The food labeling scandal of 2013 gave many of us in the UK a shock, knowing that meat bought from some of the most trusted brands may not have contained exactly what the label said. The incident led to a number of reforms, and new regulations governing the meat production industry, which should give us confidence that we’re eating what we think we’re eating on National Burger Day.
In most geographies, food standards and hygiene levels have never been more stringent than they are today. In UK restaurants, cafes, bars and fast food joints, the rating system (a score out of five) is often seen displayed on the windows of the establishment. But here’s where the law lets down consumers to some extent: in England and Northern Ireland, an establishment is not required by law to display the information, whereas in Wales it is. Scotland has its own scheme with different rules, meaning a confused state of affairs within the United Kingdom.
Unsurprisingly, there have been cases of some establishments displaying fake certificates. As the window stickers simply show a score and no personalization, an owner could ask or pay another owner who has a higher score to simply give them their rating sticker.
The Food Standards Authority itself acknowledges it’s a problem: “Displaying a fraudulent rating is easy for food businesses to do, but local authorities display food hygiene ratings on the FSA website, so consumers can check the authenticity of a rating. There are currently no checks in place to stop fraudulent score claims.” I doubt someone would really question an establishment with a high score, unless they see or develop a health issue after the fact, which defeats the object of the whole process.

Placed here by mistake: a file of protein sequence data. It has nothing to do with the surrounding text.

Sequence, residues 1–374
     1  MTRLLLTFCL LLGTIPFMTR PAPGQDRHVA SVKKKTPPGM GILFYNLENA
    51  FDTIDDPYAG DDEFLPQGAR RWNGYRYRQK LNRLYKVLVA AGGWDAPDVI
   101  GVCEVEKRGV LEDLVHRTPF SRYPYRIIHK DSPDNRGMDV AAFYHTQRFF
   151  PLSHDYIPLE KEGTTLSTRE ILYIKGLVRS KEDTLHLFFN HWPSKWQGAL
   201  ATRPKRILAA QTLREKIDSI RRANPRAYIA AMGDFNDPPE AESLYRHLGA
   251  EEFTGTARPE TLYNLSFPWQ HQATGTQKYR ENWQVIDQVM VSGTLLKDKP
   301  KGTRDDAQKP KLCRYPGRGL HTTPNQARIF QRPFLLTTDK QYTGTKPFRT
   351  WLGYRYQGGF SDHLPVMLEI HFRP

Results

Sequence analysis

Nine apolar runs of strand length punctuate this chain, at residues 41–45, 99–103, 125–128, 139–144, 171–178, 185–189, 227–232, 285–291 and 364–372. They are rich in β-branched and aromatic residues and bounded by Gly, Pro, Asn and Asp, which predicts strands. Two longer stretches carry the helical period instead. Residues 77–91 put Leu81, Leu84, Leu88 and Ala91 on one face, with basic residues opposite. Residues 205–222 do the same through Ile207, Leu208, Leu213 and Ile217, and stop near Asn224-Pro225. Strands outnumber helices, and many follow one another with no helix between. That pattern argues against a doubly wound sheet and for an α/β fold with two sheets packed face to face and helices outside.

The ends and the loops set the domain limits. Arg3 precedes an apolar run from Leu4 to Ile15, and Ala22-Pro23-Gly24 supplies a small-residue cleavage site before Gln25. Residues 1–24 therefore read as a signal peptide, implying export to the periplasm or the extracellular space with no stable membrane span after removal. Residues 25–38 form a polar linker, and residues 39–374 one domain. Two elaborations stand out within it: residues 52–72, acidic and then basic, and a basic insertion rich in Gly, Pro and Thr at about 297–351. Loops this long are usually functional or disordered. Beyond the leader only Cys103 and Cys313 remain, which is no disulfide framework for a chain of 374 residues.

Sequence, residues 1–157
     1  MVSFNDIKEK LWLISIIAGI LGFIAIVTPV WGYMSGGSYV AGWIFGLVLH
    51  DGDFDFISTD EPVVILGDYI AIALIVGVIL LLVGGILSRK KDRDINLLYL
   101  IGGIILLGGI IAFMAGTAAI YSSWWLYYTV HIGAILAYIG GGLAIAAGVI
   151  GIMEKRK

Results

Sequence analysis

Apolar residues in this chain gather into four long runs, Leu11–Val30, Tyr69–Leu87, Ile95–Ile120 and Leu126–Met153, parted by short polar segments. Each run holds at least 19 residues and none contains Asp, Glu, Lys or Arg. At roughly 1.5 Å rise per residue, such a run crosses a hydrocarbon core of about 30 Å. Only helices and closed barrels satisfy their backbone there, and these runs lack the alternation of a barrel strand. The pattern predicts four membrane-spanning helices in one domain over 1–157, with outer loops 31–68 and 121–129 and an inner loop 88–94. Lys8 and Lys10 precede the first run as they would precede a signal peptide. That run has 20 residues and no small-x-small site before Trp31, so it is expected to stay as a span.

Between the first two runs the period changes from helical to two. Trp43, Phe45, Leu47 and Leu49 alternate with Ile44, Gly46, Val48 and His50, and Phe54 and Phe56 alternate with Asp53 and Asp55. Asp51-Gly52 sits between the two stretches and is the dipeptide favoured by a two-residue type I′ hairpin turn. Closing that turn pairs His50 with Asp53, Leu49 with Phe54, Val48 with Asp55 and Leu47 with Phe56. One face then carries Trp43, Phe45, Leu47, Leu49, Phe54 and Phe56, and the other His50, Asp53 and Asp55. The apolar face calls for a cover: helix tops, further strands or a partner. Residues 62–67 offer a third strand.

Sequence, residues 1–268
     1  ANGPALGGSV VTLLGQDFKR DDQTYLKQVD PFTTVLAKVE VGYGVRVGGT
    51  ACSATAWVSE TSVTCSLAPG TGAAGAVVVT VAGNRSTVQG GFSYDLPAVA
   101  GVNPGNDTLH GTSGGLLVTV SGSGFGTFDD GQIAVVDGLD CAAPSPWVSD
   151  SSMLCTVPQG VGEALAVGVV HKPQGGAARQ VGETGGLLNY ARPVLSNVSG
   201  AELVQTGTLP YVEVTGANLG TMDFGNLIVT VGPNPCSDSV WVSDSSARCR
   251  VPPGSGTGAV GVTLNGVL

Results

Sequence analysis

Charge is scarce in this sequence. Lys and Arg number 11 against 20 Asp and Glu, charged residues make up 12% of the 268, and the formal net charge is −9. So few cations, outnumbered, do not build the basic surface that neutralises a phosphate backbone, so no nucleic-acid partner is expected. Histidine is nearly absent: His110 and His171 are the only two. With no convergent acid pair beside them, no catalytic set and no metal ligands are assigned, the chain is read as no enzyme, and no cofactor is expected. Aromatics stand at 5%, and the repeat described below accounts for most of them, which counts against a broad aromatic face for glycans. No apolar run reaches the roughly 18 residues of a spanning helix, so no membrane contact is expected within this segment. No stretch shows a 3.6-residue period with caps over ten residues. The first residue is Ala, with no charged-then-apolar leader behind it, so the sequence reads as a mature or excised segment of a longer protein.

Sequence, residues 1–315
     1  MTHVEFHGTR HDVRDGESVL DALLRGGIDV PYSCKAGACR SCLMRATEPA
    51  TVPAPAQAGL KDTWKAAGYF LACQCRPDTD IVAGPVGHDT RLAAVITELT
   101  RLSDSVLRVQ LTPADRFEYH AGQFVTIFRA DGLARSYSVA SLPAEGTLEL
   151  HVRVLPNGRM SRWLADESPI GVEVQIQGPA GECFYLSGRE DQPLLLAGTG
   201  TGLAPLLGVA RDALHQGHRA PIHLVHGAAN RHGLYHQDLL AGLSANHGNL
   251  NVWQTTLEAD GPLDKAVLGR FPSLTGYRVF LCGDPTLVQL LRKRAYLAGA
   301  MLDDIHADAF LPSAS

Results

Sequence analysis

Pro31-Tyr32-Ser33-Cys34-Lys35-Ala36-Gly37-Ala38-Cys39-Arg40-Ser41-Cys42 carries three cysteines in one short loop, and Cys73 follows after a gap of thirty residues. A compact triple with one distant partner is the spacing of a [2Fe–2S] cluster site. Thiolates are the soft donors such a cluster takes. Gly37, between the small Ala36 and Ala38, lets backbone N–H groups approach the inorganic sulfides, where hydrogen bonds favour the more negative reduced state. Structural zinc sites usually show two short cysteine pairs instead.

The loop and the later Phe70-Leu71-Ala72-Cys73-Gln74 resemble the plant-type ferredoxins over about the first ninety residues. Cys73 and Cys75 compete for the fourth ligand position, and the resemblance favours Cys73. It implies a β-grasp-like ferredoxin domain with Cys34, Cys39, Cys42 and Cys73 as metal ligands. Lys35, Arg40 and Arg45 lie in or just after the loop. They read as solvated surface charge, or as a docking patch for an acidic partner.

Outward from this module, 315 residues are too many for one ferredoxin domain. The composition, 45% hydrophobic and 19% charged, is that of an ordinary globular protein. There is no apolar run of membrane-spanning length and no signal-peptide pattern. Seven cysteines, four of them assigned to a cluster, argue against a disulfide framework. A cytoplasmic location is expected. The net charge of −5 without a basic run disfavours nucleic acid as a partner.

Of course, we could always rely on peer reviews to determine how good our burger joint is, but even then we have to be wary of ‘fliking’ – the practice of fake liking and reviewing. It doesn’t take much research to find organizations that are willing to provide fake, or at least unsubstantiated, positive reviews on establishments, which again can mislead hungry diners on the quality and hygiene levels of a take-away or restaurant.
So, not only do we have to choose where we’re going to enjoy our burger today, but we also need to be mindful of what goes into it. Although the regulations that govern where meat is sourced from and how it is labeled have been reformed in the past few years, other ingredients in our burgers may be a cause for concern.
Last year, an investigation into high street pizza take-aways in Derbyshire found that half of those sampled were using a cheese substitute rather than the real deal, whilst in recent months the FDA in the US has discovered wood filler in cheese that was labeled as being genuine Parmigiano-Reggiano. Parmesan is now the most-imitated cheese in the world; according to Coldiretti (the Italian national farmers’ organization), the production of fake Parmesan exceeded the real Parmigiano-Reggiano in 2014.
So, whilst we’re all keen to enjoy National Burger Day to the fullest, spare a thought about where you indulge and what extras you ask for.